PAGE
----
(B) a hydroperoxy polymerization initiator.
2. The formulation of claim 1 wherein (ii) is an acrylate ester having an XH substituent in the non-acrylate portion thereof, X being selected from the group consisting of O and .N wherein R is selected from the group consisting of hydrogen and lower alkyl of 1 to 7 carbon atoms.
3. The formulation of claim 1 wherein the organic polyisocyanate is the reaction product of toluene diisocyanate and polyethyleneglycol.
4. The formulation of claim 1 wherein the organic polyisocyanate is selected from the group consisting of toluene diisocyanate, 4,4-diphenylenemethane diisocyanate, 1,5-naphthylene diisocyanate, trimethylene diisocyanate, tetramethylene diisocyanate, hexamethylene diisocyanate, and cyclohexylene diisocyanate.
5. The formulation of claim 1 wherein the acrylate ester is hydr-oxyethylmethacrylate.
6. The formulation of claim 1 wherein the hydroperoxy initiator is an organic hydroperoxide.
7. The formulation of claim 1 wherein the organic polyisocyanate is the reaction product of toluene diisocyanate and 4,4-diphenyldimethylmethane.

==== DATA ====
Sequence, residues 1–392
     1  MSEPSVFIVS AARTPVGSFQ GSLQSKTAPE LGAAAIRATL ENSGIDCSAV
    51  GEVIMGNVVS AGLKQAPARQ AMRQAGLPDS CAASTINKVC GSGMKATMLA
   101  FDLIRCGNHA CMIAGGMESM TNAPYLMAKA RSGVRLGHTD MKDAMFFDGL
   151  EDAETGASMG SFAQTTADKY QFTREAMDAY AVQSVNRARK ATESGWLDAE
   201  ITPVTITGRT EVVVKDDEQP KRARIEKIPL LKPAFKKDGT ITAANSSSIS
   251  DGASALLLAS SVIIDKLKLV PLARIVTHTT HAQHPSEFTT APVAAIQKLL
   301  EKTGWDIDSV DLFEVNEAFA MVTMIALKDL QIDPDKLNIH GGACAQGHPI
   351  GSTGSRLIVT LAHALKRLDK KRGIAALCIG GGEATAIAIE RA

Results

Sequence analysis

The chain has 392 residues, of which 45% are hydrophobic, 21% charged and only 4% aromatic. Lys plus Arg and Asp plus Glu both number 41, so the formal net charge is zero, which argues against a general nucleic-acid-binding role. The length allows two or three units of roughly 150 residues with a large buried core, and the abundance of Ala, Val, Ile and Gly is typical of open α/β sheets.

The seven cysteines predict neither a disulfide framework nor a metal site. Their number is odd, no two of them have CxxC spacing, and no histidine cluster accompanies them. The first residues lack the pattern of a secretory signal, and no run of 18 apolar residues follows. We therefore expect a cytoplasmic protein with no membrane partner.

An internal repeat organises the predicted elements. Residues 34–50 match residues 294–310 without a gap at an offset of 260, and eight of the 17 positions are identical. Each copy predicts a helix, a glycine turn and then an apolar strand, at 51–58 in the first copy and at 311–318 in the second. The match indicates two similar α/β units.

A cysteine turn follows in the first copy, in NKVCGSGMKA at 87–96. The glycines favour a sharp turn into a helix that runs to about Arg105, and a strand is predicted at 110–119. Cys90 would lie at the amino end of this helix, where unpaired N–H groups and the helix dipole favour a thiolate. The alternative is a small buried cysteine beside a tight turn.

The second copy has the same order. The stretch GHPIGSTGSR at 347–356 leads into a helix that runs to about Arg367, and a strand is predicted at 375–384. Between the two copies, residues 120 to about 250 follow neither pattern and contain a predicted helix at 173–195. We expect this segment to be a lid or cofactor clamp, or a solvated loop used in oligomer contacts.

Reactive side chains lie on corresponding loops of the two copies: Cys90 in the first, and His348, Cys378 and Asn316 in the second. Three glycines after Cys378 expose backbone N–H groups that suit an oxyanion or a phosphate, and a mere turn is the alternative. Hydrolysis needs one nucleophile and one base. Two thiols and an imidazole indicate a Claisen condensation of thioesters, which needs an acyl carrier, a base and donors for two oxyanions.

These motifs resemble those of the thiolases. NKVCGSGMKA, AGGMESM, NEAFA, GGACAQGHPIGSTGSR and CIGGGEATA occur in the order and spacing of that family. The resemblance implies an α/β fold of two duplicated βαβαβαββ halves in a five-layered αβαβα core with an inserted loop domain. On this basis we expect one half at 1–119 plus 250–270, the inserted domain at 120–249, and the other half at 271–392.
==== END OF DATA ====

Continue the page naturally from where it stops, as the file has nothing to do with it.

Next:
8. A formulation adapted to remain fluid in the presence of air and rapidly cure at ambient temperature upon confinement between closely positioned adjacent surfaces comprising:
(A) a polymerizable monomer prepared by reacting at a temperature between 10 C. and 175 C.:
(i) an organic polyisocyanate; and (ii) an acrylate ester of the formula:
10 wherein X is selected from the group consisting of O and R is selected from the group consisting of hydrogen and lower alkyl of 1 through 7 carbon atoms R is a member selected from the class consisting of hydrogen, chlorine, methyl, and ethyl; and R is a divalent hydrocarbon radical selected from the group consisting of lower alkylene of 1 through 8 carbon atoms, phenylene and naphthylene, the ester being used in sulficient amount to react with substantially all of the isocyanate groups of the polyisocyanate; and